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How To Make Your Resume Stand Out to Recruiters

Hiring managers generally look at resumes for a reason to move on to the next one. How can you make sure they linger over yours? WetFeet.com talked to consulting recruiters for expert advice on making your resume a winner.

Apply White Space With a Trowel, Not a Brush

Dana Ellis, a recruiter at Arthur Andersen, compares his experience of looking at a resume to the experience of shopping at a website. "If it's hard to read and the experience is frustrating," he says, "we go somewhere else."

Use bullet points, short lists, and short paragraphs. Avoid describing the companies you've worked at in a lot of detail -- save details for the work you've done. In terms of accomplishments, awards, and extracurricular activities (which are important), list only the ones you think the firm wants to see, and leave out the rest.

Tailor Your Resume to the Position

Rather than list everything you've ever done and every technological skill you've gained, tailor your resume to the job. "Often, [we] see resumes that list, under 'technical experience,' 30 or 40 different technologies the person has used in the past," says Sean Huurman, the national director of recruiting at KPMG Consulting. "To have a really effective resume, it's important for the individual to understand what the company is looking for, then tailor their resume to the technologies they believe will fit the particular position."

Show, Don't Tell, Your Experience

You may wish recruiters would look at the list of challenging projects you've done, and say "Ahhhh . . . how impressive." Unfortunately, they won't. Recruiters look at resumes to determine what your prior work experience shows about you.

We're looking for evidence of creativity and thinking out of the box," says Geri Parsons Golemme, a recruiter at A.D. Little.

Many firms look for evidence that a person can operate both independently and as part of a team. "In addition to being able to work in a team, we really want to know that people have the independence to work on their own when necessary," says Michelle Hutton, the human resources manager at American Management Systems. "It's important to show both sides of yourself."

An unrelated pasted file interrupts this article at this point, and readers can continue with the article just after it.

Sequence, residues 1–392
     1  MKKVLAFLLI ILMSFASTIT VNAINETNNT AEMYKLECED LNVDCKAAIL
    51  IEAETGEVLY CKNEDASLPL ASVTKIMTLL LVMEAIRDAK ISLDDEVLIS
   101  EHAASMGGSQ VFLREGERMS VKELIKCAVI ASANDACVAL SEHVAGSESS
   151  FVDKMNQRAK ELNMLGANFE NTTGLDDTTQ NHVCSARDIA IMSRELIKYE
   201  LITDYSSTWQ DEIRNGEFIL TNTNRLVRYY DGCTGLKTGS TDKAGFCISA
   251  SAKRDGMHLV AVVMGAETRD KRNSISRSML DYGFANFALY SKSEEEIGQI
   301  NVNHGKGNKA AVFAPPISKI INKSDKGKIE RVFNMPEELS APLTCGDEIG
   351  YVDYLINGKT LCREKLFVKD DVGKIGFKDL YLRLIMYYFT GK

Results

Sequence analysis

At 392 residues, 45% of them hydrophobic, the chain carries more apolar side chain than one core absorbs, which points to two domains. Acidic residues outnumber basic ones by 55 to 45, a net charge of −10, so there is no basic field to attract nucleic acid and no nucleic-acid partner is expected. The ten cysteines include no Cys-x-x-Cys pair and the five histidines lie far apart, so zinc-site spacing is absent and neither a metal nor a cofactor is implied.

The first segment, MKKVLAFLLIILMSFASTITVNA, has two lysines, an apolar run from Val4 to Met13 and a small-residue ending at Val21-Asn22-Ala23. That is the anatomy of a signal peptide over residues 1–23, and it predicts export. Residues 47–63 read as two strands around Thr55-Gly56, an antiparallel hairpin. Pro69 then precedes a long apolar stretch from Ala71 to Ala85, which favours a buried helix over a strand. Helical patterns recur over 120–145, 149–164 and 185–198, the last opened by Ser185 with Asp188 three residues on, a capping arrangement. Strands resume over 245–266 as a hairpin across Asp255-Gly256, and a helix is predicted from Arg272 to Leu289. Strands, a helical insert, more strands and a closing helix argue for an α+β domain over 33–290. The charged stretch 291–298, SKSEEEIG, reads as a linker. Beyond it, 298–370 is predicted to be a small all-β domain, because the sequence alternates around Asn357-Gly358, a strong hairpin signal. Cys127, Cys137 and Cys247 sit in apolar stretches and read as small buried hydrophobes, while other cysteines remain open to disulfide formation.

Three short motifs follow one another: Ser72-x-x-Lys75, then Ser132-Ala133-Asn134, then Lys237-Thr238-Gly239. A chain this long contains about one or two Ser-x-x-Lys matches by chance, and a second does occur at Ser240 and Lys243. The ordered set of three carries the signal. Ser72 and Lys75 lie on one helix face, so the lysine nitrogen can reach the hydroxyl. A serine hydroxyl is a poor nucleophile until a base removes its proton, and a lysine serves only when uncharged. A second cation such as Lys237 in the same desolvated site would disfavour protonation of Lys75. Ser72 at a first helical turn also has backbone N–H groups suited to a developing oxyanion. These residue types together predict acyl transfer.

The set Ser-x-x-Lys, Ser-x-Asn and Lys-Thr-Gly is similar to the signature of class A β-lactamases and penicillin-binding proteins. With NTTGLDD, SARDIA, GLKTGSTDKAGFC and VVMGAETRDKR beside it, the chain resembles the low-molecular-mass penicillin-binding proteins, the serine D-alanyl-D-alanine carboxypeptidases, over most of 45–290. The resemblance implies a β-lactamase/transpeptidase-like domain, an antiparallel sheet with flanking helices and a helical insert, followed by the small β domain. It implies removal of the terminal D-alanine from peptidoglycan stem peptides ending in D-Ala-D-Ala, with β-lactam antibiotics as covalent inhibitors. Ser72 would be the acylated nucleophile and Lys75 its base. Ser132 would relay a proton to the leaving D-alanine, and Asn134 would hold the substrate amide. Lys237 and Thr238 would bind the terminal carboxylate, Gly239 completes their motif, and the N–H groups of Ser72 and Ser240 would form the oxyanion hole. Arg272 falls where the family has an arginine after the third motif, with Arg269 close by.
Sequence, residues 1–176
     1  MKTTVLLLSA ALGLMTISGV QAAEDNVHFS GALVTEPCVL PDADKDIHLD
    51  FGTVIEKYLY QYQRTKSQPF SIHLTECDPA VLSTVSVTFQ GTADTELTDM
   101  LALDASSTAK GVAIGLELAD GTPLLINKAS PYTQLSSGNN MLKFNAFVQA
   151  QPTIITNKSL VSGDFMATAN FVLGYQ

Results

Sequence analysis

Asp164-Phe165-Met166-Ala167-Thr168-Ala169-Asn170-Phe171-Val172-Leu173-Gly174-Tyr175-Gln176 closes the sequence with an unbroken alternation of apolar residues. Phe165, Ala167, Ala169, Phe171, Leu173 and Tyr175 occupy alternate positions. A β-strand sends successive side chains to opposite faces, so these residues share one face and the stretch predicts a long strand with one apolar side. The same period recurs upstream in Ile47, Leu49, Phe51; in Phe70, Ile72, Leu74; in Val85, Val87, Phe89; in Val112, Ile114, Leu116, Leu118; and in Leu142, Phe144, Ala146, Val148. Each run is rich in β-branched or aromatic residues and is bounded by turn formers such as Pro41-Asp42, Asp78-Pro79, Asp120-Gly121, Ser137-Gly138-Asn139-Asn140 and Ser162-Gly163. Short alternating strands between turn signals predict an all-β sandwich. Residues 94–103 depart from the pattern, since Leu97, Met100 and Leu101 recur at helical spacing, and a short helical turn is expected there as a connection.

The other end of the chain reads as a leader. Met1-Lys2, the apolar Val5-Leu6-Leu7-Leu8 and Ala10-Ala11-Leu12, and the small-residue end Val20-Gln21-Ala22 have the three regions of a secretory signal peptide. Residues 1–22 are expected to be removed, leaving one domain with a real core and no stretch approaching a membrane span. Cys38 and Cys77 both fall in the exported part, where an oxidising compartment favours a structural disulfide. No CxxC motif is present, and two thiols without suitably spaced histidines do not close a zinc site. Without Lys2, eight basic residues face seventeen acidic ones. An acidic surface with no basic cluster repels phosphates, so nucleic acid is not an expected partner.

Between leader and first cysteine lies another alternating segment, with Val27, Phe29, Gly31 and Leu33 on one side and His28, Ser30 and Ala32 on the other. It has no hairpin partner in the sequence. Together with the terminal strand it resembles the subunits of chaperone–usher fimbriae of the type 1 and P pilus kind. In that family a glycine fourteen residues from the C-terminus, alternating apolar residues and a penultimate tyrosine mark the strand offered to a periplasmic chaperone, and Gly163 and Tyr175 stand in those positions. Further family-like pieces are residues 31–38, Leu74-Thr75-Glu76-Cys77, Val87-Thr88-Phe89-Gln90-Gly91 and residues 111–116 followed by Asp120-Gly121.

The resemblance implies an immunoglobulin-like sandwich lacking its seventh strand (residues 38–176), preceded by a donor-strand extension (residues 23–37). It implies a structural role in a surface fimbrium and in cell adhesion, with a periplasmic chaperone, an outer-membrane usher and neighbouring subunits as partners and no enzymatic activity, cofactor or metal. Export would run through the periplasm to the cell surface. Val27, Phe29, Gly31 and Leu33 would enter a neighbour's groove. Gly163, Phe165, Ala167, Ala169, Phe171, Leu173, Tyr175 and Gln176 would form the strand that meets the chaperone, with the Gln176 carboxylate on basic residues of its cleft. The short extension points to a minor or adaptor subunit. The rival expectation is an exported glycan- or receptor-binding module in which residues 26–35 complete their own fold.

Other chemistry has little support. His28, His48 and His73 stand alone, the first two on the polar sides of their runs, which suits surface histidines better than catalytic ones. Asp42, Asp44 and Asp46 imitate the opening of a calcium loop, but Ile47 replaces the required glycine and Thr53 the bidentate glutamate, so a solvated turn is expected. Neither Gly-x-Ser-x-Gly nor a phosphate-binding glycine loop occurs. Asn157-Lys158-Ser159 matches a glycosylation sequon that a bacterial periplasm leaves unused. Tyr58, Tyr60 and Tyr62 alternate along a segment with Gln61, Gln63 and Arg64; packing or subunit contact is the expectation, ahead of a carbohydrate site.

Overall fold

You can't say "demonstrated the persona of a team player" in your resume, but you can leave clues to that effect. If you worked as part of a team, say so. For example: "Worked as part of a four-person team to analyze order-fulfillment processes, recommend technological solution, and successfully implement within an aggressive three-week period."

Make Your Resume Tell a Story

I want the resume to tell me a story and have some indication of an overall objective and follow-through -- some continuity between that objective and the work history," says Golemme.

Huurman agrees. "With recruiters being inundated with resumes, they are really going to take the time to look at ones that have a nice flow to them so the recruiter understands where this person has been, what they've done, and how their experience at one company has carried over into the next."

Be sure your resume -- while not dating back to childhood -- shows career and personal progression. But show this progression with bullets, not paragraphs.

Don't Leave Gaps

All four of the recruiters whom WetFeet.com interviewed said they look for gaps in education or work experience. "It's a big red flag for us," says Hutton, "Even if the work you did [in the gap] is not exactly relevant to the job you want to apply for, it's essential that you list that so it shows that you've been gainfully employed and doing something rather than sitting at home watching TV all day."

If you do have a gap of several months or so, tell them what you were doing, or recruiters may draw their own conclusions. "In gaps, you can find some interesting stories," says Arthur Andersen's Ellis. "Sometimes you find the person has been in jail." Now that would stand out on a resume -- but not the way you'd want.

Bonus Tip: Include Contact Information

Make sure your resume is complete with an e-mail address as well as a phone number. Increasingly, consulting recruiters are using e-mail to follow up -- make sure they can find yours easily.

Michael K. Norris frequently writes about and analyzes issues related to consulting and e-services. He can be reached at michael@norrisresearch.com

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